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Correlation between sleep and cognitive functions after hemispheric ischaemic stroke


Siccoli, M M; Rölli-Baumeler, N; Achermann, P; Bassetti, C L (2008). Correlation between sleep and cognitive functions after hemispheric ischaemic stroke. European Journal of Neurology, 15(6):565-572.

Abstract

BACKGROUND: The aim of this study was to test the hypothesis of a link between sleep and cognitive functions, particularly memory and attention, after stroke. METHODS: We studied 11 consecutive patients with first-ever hemispheric ischaemic stroke within eight days after symptoms onset and nine of them at least three months after stroke. Sleep EEG was recorded with a portable system. Cognitive functions were assessed using a standardized battery of tests allowing the estimation of the most relevant domains of cognition. Five age-matched healthy subjects served as controls. RESULTS: The patients were aged 43 +/- 12 years (18-59). In five patients stroke was right-sided and in six patients left-sided. In the acute stroke phase a correlation between attention and amounts of slow wave sleep (SWS), Rapid eye movement (REM) sleep and sleep efficiency was found. In the recovery phase verbal/figural memory and attention significantly improved in most patients. Furthermore, an association between (i) verbal/figural (non-verbal) memory and amounts of SWS, REM sleep and sleep efficiency, and between (ii) attention and sleep efficiency was observed. CONCLUSIONS: The results point to a link between sleep and cognitive functions and their recovery after hemispheric stroke. Further studies are needed to determine the specific nature of this link.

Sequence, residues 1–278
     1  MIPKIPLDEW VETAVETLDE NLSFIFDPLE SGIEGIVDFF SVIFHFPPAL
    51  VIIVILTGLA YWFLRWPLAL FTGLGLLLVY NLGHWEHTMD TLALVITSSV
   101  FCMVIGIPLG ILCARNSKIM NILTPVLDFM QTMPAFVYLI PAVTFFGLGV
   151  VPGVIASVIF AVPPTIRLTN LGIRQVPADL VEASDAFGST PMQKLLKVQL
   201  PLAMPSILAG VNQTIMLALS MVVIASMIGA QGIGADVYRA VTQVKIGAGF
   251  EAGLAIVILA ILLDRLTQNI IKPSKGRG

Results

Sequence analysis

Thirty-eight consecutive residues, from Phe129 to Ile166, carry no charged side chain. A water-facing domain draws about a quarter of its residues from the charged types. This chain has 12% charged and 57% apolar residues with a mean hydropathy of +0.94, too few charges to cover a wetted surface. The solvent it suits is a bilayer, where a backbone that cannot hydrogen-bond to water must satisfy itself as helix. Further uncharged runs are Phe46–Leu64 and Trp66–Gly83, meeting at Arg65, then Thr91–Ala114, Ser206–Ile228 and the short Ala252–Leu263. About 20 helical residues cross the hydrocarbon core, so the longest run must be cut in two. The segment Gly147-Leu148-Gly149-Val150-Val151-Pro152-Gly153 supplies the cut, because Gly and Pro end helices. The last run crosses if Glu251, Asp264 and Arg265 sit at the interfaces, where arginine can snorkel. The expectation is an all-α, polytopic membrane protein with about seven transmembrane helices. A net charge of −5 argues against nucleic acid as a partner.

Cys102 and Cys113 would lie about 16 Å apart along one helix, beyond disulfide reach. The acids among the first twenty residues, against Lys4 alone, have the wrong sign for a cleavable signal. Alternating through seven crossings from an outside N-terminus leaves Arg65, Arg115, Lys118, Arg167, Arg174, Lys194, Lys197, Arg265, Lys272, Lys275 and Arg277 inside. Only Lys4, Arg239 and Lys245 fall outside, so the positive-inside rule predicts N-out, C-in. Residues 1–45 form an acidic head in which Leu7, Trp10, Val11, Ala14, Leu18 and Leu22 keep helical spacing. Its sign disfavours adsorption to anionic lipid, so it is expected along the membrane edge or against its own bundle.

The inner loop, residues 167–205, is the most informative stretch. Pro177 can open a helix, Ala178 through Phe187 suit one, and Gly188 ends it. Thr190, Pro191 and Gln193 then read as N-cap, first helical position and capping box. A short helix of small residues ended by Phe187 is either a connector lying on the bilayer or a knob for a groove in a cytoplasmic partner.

BACKGROUND: The aim of this study was to test the hypothesis of a link between sleep and cognitive functions, particularly memory and attention, after stroke. METHODS: We studied 11 consecutive patients with first-ever hemispheric ischaemic stroke within eight days after symptoms onset and nine of them at least three months after stroke. Sleep EEG was recorded with a portable system. Cognitive functions were assessed using a standardized battery of tests allowing the estimation of the most relevant domains of cognition. Five age-matched healthy subjects served as controls. RESULTS: The patients were aged 43 +/- 12 years (18-59). In five patients stroke was right-sided and in six patients left-sided. In the acute stroke phase a correlation between attention and amounts of slow wave sleep (SWS), Rapid eye movement (REM) sleep and sleep efficiency was found. In the recovery phase verbal/figural memory and attention significantly improved in most patients. Furthermore, an association between (i) verbal/figural (non-verbal) memory and amounts of SWS, REM sleep and sleep efficiency, and between (ii) attention and sleep efficiency was observed. CONCLUSIONS: The results point to a link between sleep and cognitive functions and their recovery after hemispheric stroke. Further studies are needed to determine the specific nature of this link.

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22 citations in Scopus®
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Additional indexing

Item Type:Journal Article, refereed, original work
Communities & Collections:04 Faculty of Medicine > Institute of Pharmacology and Toxicology
04 Faculty of Medicine > Center for Integrative Human Physiology
04 Faculty of Medicine > University Hospital Zurich > Clinic for Neurology
Dewey Decimal Classification:570 Life sciences; biology
610 Medicine & health
Language:English
Date:June 2008
Deposited On:17 Dec 2008 16:01
Last Modified:05 Apr 2016 12:36
Publisher:Wiley-Blackwell
ISSN:1351-5101
Additional Information:Full text at http://www3.interscience.wiley.com/cgi-bin/fulltext/119416341/PDFSTART
Publisher DOI:10.1111/j.1468-1331.2008.02119.x
PubMed ID:18410375
Permanent URL: http://doi.org/10.5167/uzh-6075

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